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Discovery of writing at Peru's Checta

04 Feb 2015
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Discovery provides evidence of  5000-year-old writing in the rock art at Peru's Checta petroglyphs, as archaeologists find common patterns in the ancient carvings.

The petroglyphs of Checta in Peru may represent 5000 year old writing

A news article by Oscar Paz Camusano in El Comercio reports that there is increasing evidence that writing existed 5,000 years ago in ancient Peru, and the society that inhabited this part of the world developed a form of picture writing, not unlike that of the Sumerians and Egyptians at roughly this time. The first clues of this phenomenon have been found in Checta, a petroglyph site that was discovered in 1925 by the priest Pedro Villar Cordova. This archaeological site is located in the Chillon River Valley, in the district of Santa Rosa de Quives, in the province of Canta, a three-hour car journey from Lima city.

The petroglyphs of Checta have motifs that may represent writing

Over 500 quilcas - an ancient Quechua term for petroglyphs - located near Alcaparrosa Ravine at Peru's Checta, depict images or motifs that correspond to four different cultural periods in time. However, archaeologist Gori-Tumi Echevarria, president of the Peruvian Association of Rock Art (APAR), believes the motifs of the second phase raise several questions.  

He has identified the chronological order in which the quilcacamayoc - the Quechua word for makers of petroglyphs. The first phase, 2500 to 2000 BC, is characterized by small plain holes. The second phase, 2,200 to 1,000 BC, is characterized by abstract geometric shapes like circles, circles with dots, crosses, spirals, and straight and sinuous lines. This phase is considered to be writing. The third phase, 1,200 to 600 BC, is characterized by semi-naturalistic figures. Phase four, 800 to 200 BC, is characterized by amarus - Quechua word for snakes.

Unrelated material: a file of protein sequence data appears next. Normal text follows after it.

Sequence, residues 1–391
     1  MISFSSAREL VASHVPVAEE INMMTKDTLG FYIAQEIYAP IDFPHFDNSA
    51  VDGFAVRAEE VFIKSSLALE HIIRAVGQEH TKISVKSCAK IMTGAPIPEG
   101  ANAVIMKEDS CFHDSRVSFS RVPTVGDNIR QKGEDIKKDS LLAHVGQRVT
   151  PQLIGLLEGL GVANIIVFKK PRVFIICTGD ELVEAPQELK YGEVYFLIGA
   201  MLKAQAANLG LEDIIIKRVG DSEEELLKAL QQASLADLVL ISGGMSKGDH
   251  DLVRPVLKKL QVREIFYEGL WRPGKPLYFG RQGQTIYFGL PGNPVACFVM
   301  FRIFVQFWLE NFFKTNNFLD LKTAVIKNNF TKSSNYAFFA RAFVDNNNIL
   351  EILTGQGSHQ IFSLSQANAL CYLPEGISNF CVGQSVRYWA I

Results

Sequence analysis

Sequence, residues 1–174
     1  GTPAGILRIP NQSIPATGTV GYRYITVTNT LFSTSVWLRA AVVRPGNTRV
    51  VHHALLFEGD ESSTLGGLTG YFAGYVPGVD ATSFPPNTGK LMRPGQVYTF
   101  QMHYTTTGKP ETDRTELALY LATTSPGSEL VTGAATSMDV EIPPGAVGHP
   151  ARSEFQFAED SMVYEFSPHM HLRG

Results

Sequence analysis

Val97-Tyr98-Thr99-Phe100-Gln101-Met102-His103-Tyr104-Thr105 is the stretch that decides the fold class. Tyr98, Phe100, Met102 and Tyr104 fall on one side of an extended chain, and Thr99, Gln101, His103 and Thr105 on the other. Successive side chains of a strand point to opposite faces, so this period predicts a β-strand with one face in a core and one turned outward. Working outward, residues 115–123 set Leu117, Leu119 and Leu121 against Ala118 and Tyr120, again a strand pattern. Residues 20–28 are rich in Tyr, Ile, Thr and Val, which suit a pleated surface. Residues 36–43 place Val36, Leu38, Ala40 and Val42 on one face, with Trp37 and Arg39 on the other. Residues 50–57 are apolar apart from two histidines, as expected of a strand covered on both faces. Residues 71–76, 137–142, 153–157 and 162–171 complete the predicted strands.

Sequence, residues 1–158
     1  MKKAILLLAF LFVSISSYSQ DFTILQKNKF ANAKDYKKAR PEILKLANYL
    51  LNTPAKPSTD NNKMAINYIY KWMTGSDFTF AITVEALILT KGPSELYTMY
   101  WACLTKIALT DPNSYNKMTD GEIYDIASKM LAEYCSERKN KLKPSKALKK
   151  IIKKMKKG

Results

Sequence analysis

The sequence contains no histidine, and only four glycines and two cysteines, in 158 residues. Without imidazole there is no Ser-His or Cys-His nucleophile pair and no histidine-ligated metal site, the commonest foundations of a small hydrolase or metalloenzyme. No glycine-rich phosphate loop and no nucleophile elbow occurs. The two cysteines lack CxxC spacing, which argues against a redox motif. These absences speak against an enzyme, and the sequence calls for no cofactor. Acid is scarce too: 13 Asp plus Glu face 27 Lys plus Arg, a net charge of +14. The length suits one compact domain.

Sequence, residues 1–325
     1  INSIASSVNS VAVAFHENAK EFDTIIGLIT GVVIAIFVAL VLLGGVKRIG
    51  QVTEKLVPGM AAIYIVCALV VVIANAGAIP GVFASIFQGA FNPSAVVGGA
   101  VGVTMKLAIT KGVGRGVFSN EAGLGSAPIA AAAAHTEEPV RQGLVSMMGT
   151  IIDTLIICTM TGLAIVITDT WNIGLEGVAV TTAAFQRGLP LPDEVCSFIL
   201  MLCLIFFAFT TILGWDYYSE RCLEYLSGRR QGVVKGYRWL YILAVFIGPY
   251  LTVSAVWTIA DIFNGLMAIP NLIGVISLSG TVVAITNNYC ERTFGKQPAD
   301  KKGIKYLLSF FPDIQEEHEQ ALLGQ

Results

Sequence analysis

Echevarria attempted to identify each motif in order to establish a common pattern among the petroglyphs. The analysis revealed that the dotted circles, lines, and wavy lines, spirals and other motifs were repeated. This same pattern in the petroglyphs appeared throughout the valleys from Supe to Lurin. He believes this cognitive phenomenon - writing - lasted for about 2,000 years, sufficient time for the development and consolidation of a complex ideographic writing system, one that is linked to ancient traditions of the Amazon. To decipher the codes involves an understanding of the ancient knowledge of Amazonian people such as Yaneshas.

The coordinator of the International Federation of Rock Art Organizations, Australian Robert Bednarik, who has studied the origins of writing in India and other parts in the world, told EL COMERCIO that there may well be writing in Checta, and that the information of Checta is vital for understanding the origin of writing in South America. Daniel Morales, an archaeologist at the Universidad Nacional Mayor de San Marcos (UNMSM), agrees that the first step is to further analyse the motifs, and then try to decipher them. The true meaning for now remains with the ancestors, and this writing may well have disappeared 3,000 years ago  with the expansion of Chavin Culture, which imposed its iconographic language based on the feline cult.

This significant discovery sadly coincides with thwarted efforts to preserve the rock art of Checta. The archaeological region has been designated as a 'National Cultural Heritage' site, yet new roads to a mine have recently appeared as well as low-cost housing. Some of the rock art motifs have been vandalised, causing irreversible damage. Photographer Martin Barco has reported the situation to the Ministry of Culture and the Peruvian Congress, but there has been very little response to his recommendations for the preservation of the Checta site.

Visit the Checta Petroglyphs of Peru section:

http://www.bradshawfoundation.com/peru/index.php

 

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